At 69%, industrial products of manufacturing origin make up the largest share of the country’s total exports, and the largest revenue generator by far within this category are pharmaceutical products – accounting for 49%. Other products include cement at 14%, scrap paper and metal at 7%, and telecommunications equipment at 5%. The high proportion of small-to-medium-sized (SME) manufacturing enterprises means that companies have the flexibility both to respond quickly to changes in customer requirements and to adopt new production techniques. The highly educated Cypriot labour force – the island’s trump card – means that new technical skills can be rapidly assimilated, facilitating fast turn-around times.
The adoption of modern technologies has also brought with it quality improvements and longer product shelf-life, while the recent application of more targeted marketing techniques is opening up new customer bases. These factors all contribute to making Cyprus a highly attractive location for international companies seeking to use the island for both production and export purposes.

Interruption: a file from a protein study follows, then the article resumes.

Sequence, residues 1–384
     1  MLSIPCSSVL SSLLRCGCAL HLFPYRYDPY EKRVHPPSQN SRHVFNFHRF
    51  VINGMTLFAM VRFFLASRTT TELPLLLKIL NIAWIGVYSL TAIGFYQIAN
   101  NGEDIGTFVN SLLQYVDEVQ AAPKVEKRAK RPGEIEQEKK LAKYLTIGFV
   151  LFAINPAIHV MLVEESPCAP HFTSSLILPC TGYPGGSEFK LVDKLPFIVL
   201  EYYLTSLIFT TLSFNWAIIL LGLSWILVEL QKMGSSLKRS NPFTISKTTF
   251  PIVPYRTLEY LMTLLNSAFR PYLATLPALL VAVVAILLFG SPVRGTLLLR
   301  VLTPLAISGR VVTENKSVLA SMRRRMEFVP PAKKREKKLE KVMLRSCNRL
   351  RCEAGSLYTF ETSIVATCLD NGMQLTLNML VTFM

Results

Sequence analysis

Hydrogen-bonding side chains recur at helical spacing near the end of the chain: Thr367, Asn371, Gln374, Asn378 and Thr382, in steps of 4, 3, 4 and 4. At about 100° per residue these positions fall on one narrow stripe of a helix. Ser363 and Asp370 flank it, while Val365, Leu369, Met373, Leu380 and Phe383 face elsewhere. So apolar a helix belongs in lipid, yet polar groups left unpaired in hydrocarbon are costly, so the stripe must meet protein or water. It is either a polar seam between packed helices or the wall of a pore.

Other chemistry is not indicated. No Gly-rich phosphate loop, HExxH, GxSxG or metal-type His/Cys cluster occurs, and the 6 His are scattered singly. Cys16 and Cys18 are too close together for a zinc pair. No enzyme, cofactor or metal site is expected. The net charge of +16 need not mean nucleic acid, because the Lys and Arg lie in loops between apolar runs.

A growing area of export is in mineral fuels and oils, which jumped from zero in 2014 to €98 million in 2015, following the opening of the VTTV oil terminal in Vasilikos in late 2014. The company uses Cyprus as a terminal, blending its raw material and then exporting it to the rest of the world, but mainly to Lebanon (€28.8 million) and Israel (€16.6 million). Cyprus’ strategic location makes it the first terminal of its kind in the Eastern Mediterranean, connecting Europe and the Black Sea with markets in the Middle East and Asia. As a percentage of Cyprus’ GDP, petroleum is only worth 1%, but the industry has tremendous growth prospects with the country’s determination to establish itself as a key energy hub and a bastion of stability and security in the region.